Over the six years I've lived in my house and made the Great Trek West by Southwest every morning, Monday through Friday, I have done all kinds of things to make the commute less mind-numbing. With varying results. I have listened to the radio. But, I can't abide commercial radio, as I have developed an instant hive-breakout as soon as I hear a political or car ad. So, that leaves our two Public stations. One is classical and it is very nice - soothing, uplifting, mind-numbing. The other is...GAWD AWFUL. I would love to go on about it, but my blood pressure soars. Let's just say that it is ruled-over by a nasal-ly, pompous little jerk with visions of grandeur and limited vision of any other kind.
I have listened to books on CD - most of which were thoroughly enjoyable. Some of which were horrid. What, may I ask the producers of such entertainment, were you thinking when you had the male voice go into a falsetto for the woman's part???? So I spend most of my journey either talking to myself (on the over-the-mountain part where no one can see me) or listening to music CDs. If there is no music to distract me, I think about the beautiful landscape through which I am driving (unless it's foggy snow, then I am clutching the wheel and hoping I make it down the mountain alive); I wonder what's become of the elderly lady with the pitch-black dyed beehive hairdo that lives in the neat little trailer with the white deer sculptures. I had almost convinced myself that I should stop and introduce myself (and check on her, nosy Nellie that I am) when I passed one day and there were people cutting the grass and neatening things up - people that looked like relative-types. I felt better. And I spend a lot of time wondering why people throw trash out of their car windows. It has never, ever crossed my mind to toss out anything (other than the occasional apple core - I think of myself as Sweezie Appleseed) out of my car window.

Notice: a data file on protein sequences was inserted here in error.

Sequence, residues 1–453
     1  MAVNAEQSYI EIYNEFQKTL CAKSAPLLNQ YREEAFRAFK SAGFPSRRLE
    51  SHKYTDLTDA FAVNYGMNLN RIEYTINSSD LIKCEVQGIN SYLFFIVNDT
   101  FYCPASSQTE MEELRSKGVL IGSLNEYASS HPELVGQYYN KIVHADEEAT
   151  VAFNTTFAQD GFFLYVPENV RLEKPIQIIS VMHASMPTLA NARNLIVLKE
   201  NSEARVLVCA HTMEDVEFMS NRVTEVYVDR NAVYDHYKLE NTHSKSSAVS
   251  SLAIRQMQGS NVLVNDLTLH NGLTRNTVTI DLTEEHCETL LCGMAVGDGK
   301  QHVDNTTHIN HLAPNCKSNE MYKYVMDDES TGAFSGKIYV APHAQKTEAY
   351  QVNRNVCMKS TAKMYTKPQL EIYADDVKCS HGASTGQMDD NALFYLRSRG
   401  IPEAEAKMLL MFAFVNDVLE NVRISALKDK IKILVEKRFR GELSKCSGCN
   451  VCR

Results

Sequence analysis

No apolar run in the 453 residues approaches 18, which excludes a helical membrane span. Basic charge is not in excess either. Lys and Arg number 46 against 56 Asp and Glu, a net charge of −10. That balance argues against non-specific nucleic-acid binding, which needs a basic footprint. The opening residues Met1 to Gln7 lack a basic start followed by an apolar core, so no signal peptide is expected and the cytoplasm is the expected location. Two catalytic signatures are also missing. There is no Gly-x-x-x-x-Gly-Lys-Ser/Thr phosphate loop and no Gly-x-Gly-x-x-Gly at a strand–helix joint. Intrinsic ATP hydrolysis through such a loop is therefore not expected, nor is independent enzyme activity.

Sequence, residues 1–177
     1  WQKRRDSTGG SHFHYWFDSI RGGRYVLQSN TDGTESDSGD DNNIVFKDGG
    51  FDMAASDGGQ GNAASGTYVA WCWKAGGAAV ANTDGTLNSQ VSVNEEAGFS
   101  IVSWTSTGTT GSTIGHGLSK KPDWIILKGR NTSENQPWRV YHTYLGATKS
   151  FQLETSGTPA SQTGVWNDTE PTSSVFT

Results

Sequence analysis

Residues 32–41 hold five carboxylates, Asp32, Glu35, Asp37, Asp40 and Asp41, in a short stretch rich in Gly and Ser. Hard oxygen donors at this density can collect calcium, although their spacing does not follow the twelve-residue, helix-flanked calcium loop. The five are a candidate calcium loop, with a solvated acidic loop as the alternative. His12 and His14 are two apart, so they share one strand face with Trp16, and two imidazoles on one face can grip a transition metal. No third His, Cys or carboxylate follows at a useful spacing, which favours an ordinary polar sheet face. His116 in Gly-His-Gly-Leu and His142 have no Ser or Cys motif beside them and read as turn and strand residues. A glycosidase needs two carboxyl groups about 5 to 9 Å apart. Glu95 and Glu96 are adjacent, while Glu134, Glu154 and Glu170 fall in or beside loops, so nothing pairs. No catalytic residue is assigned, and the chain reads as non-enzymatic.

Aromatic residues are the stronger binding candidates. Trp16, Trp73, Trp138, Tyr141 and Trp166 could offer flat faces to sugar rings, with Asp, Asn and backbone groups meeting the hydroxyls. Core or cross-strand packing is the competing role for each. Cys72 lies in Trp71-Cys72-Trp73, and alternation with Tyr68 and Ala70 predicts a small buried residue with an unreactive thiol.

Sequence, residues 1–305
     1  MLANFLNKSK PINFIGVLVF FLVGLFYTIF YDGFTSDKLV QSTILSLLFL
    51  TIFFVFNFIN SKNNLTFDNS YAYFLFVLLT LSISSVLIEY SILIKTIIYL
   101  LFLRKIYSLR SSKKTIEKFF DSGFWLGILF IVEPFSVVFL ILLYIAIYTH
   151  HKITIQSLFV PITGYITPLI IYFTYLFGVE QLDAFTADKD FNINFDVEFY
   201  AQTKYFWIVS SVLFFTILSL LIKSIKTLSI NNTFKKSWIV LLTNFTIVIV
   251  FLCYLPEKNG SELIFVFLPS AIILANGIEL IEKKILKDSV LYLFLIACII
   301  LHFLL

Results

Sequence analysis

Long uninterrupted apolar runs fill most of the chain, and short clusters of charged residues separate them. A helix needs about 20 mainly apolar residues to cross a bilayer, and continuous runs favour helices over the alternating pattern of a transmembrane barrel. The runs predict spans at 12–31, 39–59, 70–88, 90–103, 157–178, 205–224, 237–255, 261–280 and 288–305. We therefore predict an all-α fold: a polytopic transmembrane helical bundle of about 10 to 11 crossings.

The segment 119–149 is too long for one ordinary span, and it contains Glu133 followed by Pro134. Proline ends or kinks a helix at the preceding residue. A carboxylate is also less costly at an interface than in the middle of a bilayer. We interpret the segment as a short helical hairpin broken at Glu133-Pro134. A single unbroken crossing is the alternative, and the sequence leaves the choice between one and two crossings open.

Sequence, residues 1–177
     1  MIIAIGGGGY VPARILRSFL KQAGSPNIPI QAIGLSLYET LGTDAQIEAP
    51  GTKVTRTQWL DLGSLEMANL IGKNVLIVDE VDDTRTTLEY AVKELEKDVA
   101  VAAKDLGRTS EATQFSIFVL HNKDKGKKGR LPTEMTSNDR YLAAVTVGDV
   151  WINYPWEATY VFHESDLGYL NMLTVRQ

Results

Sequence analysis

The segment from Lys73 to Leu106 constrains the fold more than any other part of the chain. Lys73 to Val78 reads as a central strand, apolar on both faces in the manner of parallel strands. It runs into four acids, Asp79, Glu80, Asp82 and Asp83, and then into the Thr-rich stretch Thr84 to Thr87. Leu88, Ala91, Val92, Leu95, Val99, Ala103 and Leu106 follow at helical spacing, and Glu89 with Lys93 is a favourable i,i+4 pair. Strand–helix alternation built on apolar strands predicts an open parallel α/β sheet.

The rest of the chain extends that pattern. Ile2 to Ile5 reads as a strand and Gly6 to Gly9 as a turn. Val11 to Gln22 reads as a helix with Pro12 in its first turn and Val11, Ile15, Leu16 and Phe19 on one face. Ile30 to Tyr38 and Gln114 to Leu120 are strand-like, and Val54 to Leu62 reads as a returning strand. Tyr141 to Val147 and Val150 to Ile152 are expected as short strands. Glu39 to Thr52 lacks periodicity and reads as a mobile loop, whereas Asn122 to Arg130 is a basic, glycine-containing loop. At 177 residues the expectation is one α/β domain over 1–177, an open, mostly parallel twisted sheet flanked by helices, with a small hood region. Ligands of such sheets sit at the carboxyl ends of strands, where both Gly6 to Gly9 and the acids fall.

Then there's the music. Along with names, smells and electric shocks, music stirs up deep memories. (Just kidding about the electric shocks....but I am sure it would stir me up greatly) Leonard Cohen's "Suzanne" takes me straight back to South Dakota in the summer of 1969. Jimi Hendrix' "Purple Haze" finds me sitting in my dorm room in Mt. Pleasant, Michigan. Any of the early Beatles' songs has me prone in our living room, giant headphones on my head, tethered silently to the hifi set. Classical music tends to make me wistful for Blossom Music Center in Cleveland. Bagpipes make me cry - instantly - and stir up all kinds of genetic stuff.
What sets off your metronome?